Type 2: Extensive Listening Furthermore and beyond specific information, Extensive listening includes listening to long textual narratives which in return builds the listener’s stamina to take in more and more bulk of conversational language and understand the contextual reference in larger lengths. After listening to a particular audio book on repetitive mode, you will observe that you are consciously picking up the pronunciation and can fairly summarise the meaning in portions. Extensive listening is a great self tutoring method for learning second languages. While making extensive listening a habit, keep the following points in mind for exceptional learning. ● Use different mediums like English audio books, recordings, videos, entertainment pieces, musicals, debates and dialogues for extracting a variety of accents, speech alterations and genres of vocal English. ● To avoid hurtling up while listening extensively, pick a topic of interest and
listen through till the end. ● Since mostly you can repeat and take a pause while listening to prerecorded mediums, list down new words and phrases you come across and look up for the meaning of complex vocabulary to keep up with the flow of speech. ● One of the best way to keep a log of different pronunciations while listening to voluminous text is to pen down the words as they sound. This will give you an edge on the phonic tone to understand what you listen better.
Type 3: Responsive Listening In interpersonal communication, responsive listening is the half kernel of the two way process. Now as a non native learner, getting into habit of responsive listening is a place where you are active as a listener as well as a speaker. Engaging yourself with this type of listening will build your grasping speed and make you spontaneous with the language. Once you start practising it as a habit, you can further optimise listening through these elements: Responsive listening is a behavioural act. Keep the focal point on listening calmly rather than getting anxious about how you would frame your response. Ask the speaker to reiterate if you do not get the context clearly. It is always better and elucidating to seek clarification rather than responding in irrelevance. Take time to apprehend what you listen before jumping to a response It is observed that very often people practice prejudiced listening and neglect the minutes. As a settler to the foreign language you must keep a flexible and open mind while listening so as to ingest the actual meaning of what is being spoken. “Do It Right Now”: Steps to Start Improving instantly Step 1: Watch an English movie Step 2: Make an honest list of all the words that you thought were pronounced in a different way. Step 3: By the end of the movie, if your list is small, your pronunciation is not so bad. However, if your list is long, you need to work on pronouncing those words. Step 4: If you are not sure about the pronunciation, use the help of Internet tools or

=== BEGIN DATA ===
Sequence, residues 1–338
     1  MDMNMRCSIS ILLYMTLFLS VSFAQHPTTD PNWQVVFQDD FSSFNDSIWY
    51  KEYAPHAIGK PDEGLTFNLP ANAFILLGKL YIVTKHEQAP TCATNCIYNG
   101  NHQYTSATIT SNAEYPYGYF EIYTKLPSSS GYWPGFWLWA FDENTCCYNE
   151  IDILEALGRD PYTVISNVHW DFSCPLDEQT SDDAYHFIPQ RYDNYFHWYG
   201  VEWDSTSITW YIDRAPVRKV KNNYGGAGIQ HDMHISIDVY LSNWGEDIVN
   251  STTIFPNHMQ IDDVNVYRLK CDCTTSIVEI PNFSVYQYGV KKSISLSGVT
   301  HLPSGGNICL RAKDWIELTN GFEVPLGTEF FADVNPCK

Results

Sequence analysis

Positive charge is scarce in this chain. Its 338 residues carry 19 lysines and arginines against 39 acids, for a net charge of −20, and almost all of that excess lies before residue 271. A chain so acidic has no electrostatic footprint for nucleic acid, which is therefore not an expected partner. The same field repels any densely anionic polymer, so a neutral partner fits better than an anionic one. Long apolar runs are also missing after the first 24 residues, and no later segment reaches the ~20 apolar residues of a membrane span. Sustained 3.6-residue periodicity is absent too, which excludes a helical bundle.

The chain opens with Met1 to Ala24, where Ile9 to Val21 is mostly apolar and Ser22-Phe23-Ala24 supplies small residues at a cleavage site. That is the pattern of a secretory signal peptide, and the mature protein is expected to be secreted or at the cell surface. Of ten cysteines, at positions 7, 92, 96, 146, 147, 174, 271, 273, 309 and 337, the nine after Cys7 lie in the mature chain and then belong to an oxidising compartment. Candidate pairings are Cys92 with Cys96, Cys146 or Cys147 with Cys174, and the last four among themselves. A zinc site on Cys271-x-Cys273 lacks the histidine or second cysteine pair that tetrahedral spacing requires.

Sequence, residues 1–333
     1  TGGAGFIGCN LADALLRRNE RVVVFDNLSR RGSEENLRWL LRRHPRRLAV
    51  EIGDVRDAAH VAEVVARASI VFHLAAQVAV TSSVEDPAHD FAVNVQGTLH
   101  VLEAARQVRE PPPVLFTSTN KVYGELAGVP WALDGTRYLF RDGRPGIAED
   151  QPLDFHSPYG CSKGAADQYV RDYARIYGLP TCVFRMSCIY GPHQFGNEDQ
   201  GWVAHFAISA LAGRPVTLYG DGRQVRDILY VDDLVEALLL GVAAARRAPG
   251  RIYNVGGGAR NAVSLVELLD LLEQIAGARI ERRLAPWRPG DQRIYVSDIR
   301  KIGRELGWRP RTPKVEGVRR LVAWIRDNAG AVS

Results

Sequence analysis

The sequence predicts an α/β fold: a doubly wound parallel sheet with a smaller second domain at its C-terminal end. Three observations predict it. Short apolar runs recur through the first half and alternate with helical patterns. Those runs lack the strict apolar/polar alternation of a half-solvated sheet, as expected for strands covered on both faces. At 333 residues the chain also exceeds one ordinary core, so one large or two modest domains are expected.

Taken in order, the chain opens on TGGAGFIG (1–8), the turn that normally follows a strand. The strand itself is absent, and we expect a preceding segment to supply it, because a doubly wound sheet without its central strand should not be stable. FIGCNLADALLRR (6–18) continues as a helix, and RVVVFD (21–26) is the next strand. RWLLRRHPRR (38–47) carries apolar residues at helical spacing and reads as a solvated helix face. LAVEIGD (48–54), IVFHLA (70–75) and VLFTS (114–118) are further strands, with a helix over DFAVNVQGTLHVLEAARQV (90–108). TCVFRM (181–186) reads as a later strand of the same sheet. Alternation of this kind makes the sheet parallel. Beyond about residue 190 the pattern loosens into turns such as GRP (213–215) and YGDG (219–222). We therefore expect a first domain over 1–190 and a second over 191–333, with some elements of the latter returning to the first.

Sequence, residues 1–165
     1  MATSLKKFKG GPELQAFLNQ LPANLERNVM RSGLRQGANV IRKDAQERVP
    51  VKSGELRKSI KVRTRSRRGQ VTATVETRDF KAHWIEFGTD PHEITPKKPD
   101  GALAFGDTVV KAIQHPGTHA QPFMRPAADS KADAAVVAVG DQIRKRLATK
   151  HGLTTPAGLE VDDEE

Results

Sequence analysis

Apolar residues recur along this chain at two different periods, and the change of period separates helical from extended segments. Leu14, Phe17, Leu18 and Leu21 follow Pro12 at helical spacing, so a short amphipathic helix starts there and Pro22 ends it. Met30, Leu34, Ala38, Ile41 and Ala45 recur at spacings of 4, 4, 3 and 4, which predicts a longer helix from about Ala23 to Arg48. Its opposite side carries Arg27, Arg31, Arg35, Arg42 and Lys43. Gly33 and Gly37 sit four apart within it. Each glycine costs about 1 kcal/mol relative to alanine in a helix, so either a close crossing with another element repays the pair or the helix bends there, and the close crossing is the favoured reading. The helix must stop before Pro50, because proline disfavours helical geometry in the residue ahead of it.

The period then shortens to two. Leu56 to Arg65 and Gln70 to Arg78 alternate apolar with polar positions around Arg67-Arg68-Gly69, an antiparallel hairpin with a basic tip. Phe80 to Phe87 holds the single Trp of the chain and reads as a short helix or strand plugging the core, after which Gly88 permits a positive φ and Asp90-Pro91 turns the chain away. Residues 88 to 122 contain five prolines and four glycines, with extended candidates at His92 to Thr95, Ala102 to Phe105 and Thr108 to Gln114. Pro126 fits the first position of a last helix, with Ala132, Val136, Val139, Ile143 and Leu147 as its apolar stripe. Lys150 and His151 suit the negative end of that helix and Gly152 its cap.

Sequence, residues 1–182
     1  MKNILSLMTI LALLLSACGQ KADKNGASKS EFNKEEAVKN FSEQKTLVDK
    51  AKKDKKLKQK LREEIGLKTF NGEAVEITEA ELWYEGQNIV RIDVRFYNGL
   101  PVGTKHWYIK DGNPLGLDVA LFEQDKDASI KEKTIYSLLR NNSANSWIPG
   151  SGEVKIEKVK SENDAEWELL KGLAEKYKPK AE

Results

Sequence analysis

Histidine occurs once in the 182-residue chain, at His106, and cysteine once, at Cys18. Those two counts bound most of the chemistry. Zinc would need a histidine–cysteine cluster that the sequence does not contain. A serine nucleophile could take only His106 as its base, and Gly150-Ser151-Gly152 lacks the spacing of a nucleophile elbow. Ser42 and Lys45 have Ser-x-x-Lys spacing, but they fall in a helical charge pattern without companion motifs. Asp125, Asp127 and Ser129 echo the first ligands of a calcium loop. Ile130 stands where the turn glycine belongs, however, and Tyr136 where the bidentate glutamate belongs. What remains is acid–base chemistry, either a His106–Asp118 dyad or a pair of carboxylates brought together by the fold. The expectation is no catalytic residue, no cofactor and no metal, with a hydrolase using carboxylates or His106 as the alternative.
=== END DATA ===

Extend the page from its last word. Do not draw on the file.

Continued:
download a dictionary app on your phone to help with correct yourself.
Chapter 3: Easy Methods for Improving English Reading Skills Learning how to read is an important part of learning English. It expands your vocabulary and gives you fluency. If you are in a country where English is the main language, you will not get by without learning how to read. Also, reading is substantially easier than speaking and writing, or even listening. ● Remember to always read a book that is of your level. Do not get ambitious and read a book above your level because that would involve words that you will not understand. Reading English can get downright weird! Why? ‘Read’ and ‘read’ have the same spelling but different meanings as well as pronunciations. ‘Read’ is pronounced as ‘reed’, which is in present tense while ‘read’ is pronounced as ‘red’, which is in the past tense. A few steps for you to start improving your reading skills are explained below. Decide what you want to read Preferably, you should stick to reading a book that is your level. Do not decide to read Wuthering Heights by Emily Brontë. You can do that when you have successfully mastered the language. That novel will not disappoint! You can read children’s books, newspapers, comics, or anything else. Once you have decided, go pick up the books from the library or bookshop. Take it slow Reading takes patience. Do not try rushing through the book or newspaper. Concentrate on every word that you read. If you do not understand a particular word or phrase, look it up in a dictionary or on Google. Do not proceed without understanding it completely. Reread Rereading is a good exercise. You know how when you watch a movie for the second time, you pick out all that bits of information that you missed out on the first time you watched it? Rereading does the exact same thing. At times, while reading, a person fazes out. That means he or she is reading but not really concentrating or understanding. A second read makes everything clearer. A list of unfamiliar words Make a list of all the new words you come across with their meaning. After you finish